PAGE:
A YU-Ordained Rabbi Takes Unlikely Post
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A YU-Ordained Rabbi Takes Unlikely Post

Daniel Lehmann makes history at ecumenical theological school in Berkeley, where he aims to shape a religious response to the country’s polarizations

Rabbi Daniel Lehmann during his recent inauguration as president of the Graduate Theological Union. The appointment, an observer said, is “an important statement” about the Jewish community’s growing acceptance in non-Jewish circles. PHOTO COURTESY GRADUATE THEOLOGICAL UNION
Rabbi Daniel Lehmann during his recent inauguration as president of the Graduate Theological Union. The appointment, an observer said, is “an important statement” about the Jewish community’s growing acceptance in non-Jewish circles. PHOTO COURTESY GRADUATE THEOLOGICAL UNION

The “way-outside-the-box” choice to lead an interfaith theological school in Berkeley, Calif. — an Orthodox rabbi from the East Coast — was busy getting to know the campus community at the Graduate Theological Union, he joined students and faculty in helping to build the institution’s annual sukkah in front of a classroom building.

Rabbi Lehmann is very engaged in campus life.

During Sukkot last month, in a sign that he was growing comfortable in his new post, the rabbi joined the handful of other Jews there in the communal sukkah.

And last week, a few days after the end of the holiday, the Yeshiva University-ordained rabbi was inaugurated as GTU’s president. He becomes the first Jew, indeed the first non-Christian, to head the Union since its founding in 1962 as a consortium of five Protestant theological schools.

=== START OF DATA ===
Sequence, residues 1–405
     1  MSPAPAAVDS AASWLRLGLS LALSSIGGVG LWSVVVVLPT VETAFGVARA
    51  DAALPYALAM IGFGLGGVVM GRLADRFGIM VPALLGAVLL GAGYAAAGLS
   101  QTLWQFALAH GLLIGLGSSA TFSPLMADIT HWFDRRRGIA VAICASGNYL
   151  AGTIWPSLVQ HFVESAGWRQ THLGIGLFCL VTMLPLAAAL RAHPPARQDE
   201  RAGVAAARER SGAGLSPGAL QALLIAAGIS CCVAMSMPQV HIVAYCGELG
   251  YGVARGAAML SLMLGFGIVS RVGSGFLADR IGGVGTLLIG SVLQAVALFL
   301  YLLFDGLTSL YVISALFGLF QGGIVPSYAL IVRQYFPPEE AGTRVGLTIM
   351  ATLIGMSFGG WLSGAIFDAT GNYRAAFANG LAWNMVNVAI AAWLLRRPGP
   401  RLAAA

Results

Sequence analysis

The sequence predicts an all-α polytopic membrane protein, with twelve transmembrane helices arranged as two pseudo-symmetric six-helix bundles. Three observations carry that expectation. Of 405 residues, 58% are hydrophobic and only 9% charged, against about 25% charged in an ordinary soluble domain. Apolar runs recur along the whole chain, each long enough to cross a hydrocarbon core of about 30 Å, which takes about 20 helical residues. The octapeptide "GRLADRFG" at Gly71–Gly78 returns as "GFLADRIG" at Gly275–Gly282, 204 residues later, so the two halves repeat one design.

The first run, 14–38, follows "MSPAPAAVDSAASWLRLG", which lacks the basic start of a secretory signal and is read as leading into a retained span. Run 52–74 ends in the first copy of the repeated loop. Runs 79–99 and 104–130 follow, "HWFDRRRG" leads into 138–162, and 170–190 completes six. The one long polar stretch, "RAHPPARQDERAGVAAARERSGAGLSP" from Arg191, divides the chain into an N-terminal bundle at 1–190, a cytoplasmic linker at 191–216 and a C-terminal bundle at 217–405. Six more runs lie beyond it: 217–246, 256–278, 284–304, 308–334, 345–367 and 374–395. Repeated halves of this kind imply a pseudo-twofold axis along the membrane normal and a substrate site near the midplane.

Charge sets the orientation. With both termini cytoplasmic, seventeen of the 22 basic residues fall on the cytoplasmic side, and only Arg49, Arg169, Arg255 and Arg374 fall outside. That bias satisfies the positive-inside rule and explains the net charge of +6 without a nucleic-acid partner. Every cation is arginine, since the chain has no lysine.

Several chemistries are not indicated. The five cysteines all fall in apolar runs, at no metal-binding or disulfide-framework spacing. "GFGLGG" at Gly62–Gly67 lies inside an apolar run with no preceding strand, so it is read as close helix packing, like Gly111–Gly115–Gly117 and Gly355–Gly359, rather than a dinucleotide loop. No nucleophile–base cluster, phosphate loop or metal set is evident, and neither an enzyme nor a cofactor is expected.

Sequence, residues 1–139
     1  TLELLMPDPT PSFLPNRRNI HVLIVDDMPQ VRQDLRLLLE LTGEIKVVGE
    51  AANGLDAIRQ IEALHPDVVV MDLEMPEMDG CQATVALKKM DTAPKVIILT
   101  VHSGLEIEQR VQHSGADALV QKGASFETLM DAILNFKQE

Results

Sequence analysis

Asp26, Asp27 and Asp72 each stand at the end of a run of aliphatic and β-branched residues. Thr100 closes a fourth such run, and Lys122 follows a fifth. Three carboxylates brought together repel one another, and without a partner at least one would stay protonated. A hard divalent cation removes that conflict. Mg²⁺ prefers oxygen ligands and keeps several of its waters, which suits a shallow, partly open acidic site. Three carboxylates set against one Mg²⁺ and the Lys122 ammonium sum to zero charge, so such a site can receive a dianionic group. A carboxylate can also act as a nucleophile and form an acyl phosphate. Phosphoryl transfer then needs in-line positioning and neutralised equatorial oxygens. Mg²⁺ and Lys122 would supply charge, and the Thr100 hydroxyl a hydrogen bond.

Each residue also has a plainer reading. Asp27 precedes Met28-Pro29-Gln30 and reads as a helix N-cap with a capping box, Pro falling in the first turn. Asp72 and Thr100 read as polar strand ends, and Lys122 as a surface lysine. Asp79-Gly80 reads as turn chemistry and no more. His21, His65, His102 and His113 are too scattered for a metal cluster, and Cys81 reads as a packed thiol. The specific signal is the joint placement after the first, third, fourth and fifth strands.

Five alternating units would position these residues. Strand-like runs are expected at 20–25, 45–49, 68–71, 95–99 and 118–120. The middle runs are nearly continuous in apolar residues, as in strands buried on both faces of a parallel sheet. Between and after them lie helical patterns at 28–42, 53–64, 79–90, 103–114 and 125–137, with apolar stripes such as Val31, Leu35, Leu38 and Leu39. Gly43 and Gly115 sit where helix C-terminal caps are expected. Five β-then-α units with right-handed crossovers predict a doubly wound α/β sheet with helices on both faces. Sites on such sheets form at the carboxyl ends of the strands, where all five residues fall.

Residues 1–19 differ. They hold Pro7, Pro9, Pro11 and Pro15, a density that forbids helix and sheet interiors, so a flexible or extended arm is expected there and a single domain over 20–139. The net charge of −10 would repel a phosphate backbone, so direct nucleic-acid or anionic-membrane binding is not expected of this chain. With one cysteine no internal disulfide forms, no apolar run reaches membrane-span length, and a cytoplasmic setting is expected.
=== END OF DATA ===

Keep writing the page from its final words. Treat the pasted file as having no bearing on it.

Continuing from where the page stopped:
Rabbi Lehmann, 57, a native of Syracuse, comes to his new position from the Boston area, where he had served as president of the nondenominational Hebrew College, worked at two co-ed day schools, and was active in a variety of interfaith activities.

Appointed in August 2018, Rabbi Lehmann only agreed to be inaugurated after a year spent getting to know the students and faculty on the 245-student campus, familiarizing himself with the GTU campus culture and introducing several new academic programs.

He recognized that he was an unusual choice for GTU, which calls itself “the most comprehensive center for the graduate study of religion in North America … the largest and most diverse partnership of seminaries and graduate schools in the United States.” Its member schools include seminaries for Episcopalians, Baptists, and Lutherans, among others, but also masters and doctoral programs across all faiths.

“I was certainly an out-of-the-box candidate as a rabbi and a lifelong resident of the East Coast,” he said during his inauguration ceremony last week.

His appointment, he said in a telephone interview, is a symbol of what he sees as growing cooperation among faith groups in this country — a cooperation that is particularly needed in an era of uncivility in the political and religious culture. “The polarities that characterize our society and the religious tensions that continue to burst into hatred and violence require a powerful response from religious thinkers, leaders and activists,” he said.